The president of the Canadian Cloud Council dicusses the cultural issues that may be leading organizations to miss out on opportunities to transform themselves for the future.
Why are Canadians not adopting cloud services at a rate consistent with other leading G20 countries?
In a recent conversation I had with Alistair Croll, Founder at BitCurrent and Canadian Cloud Council
board member, we both felt that the issue may be twofold. Although
there are certainly technology-related barriers to entry, the issue may
also be related to Canadian culture in general.
First of all,
cloud is perceived as risky, and Canadians are risk-averse and typically
late adopters of most everything. Look no further than legislation on
capital gains, ultra-conservative banking regulation, house pricing, and
myriad other things that are driven out of risk- adverse policy and
cultural conservatism. The concept that “cloud is risky” is a nuanced
discussion. Depending on whether you’re using public or private clouds,
and whether you’re talking SaaS, PaaS, or IaaS, your risks could be
derived from data leakage, cost and operational inefficiency, vendor
lock-in, cultural mismanagement, or network security.
things that the Canadian Cloud Council are doing to fix the potential
misconception that “cloud is risky” are to explain the nuances so
Canadian consumers evaluate risk more intelligently and holistically;
and reset the expectations of cloud adoption so people realize that the
risk isn’t about adopting clouds, it’s about not doing so and getting
beaten by faster, more focused, more agile competitors who overcome
traditional barriers to entry.
Second of all, cloud (like the
Internet) is inherently multinational and it is possible that we created
an artificial borders problem. Saying “the Canadian cloud” doesn’t mean
much; it’s like saying “the Canadian Internet.” With most of our TV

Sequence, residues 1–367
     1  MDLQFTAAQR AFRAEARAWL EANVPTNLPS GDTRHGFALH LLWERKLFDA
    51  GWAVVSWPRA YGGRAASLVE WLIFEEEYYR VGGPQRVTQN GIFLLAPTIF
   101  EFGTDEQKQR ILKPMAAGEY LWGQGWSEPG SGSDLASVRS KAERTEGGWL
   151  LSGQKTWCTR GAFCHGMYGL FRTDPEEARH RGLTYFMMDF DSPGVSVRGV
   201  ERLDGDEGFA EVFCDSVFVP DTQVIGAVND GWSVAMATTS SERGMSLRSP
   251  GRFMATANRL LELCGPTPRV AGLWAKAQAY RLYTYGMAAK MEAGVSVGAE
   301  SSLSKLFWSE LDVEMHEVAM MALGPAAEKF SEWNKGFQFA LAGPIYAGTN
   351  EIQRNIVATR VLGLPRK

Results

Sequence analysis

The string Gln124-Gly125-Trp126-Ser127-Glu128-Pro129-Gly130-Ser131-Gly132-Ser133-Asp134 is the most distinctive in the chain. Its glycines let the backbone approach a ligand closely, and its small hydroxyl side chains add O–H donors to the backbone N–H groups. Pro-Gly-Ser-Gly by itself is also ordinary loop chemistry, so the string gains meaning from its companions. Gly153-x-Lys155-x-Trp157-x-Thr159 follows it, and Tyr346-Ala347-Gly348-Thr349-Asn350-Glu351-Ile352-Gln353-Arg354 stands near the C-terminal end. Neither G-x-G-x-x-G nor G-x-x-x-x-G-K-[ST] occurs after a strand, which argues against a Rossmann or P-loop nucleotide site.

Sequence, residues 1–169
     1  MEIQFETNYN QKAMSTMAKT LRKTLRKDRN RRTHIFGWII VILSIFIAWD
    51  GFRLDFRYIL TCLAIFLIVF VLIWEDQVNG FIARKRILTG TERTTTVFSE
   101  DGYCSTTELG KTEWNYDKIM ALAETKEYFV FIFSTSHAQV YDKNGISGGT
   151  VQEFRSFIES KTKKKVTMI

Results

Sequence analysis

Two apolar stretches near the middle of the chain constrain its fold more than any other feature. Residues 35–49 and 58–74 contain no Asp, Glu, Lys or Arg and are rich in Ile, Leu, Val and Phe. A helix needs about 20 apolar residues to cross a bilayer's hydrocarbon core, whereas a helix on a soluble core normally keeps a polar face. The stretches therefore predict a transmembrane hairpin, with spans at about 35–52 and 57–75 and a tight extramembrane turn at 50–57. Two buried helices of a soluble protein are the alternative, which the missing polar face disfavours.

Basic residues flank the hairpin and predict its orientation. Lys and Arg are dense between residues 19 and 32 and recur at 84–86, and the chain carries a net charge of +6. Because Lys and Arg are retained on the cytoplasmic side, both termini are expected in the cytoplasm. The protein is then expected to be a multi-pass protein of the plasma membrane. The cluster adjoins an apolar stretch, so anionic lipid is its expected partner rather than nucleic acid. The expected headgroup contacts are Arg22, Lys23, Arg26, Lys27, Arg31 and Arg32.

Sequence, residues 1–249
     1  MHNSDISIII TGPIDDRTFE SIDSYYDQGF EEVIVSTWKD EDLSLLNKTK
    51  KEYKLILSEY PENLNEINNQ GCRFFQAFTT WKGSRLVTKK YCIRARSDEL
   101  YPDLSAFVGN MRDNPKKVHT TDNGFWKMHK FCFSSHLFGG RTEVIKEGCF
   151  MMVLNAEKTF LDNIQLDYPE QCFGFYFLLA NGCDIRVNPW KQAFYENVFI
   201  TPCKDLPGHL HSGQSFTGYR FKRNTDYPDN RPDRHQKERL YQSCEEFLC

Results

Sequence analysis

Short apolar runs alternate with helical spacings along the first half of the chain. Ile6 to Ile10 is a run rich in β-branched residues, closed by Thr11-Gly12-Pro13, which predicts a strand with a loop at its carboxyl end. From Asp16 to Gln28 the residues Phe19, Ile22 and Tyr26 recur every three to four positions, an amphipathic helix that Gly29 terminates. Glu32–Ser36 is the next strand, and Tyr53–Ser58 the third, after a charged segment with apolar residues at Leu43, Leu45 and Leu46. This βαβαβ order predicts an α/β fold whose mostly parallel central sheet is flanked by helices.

shows and films coming from the US, there’s no reason to expect that
we’ll maintain our national identity in the long haul without a
significant amount of effort. If a company uses Google Mail, Dropbox,
Expensify, Salesforce, Freshbooks, Tripit, and a bunch of other cloud
services, perhaps only one or a few of them are Canadian.
end user of the consumable cloud service really care about data
sovereignty or where a cloud service resides? Or, does the issue reside
only with the CIO who may be fighting the “Shadow IT” brigade anyways?
The Canadian Cloud Council is educating Canadian corporations on how to
drive effective cultural change management processes within an
organization so cloud is provisioned and operationalized in a unified,
measured and ROI driven fashion. If both the business and technology
side of an organization build a cloud strategy in unison, understand the
risks and rewards of the cloud in unison and actively support the
operational process in unison, it has as much better chance of
successful execution and acceleration.
If we want to encourage
domestic cloud initiatives, we’re essentially pushing for protectionism
and the need to keep things at home; the history of the Internet shows
that information tends to ignore such things, and it’s like putting
toothpaste back in the tube. So what we really want to do is make sure
the legislation is practical and pragmatic, and gives Canadians a level
playing field against other countries when using or building cloud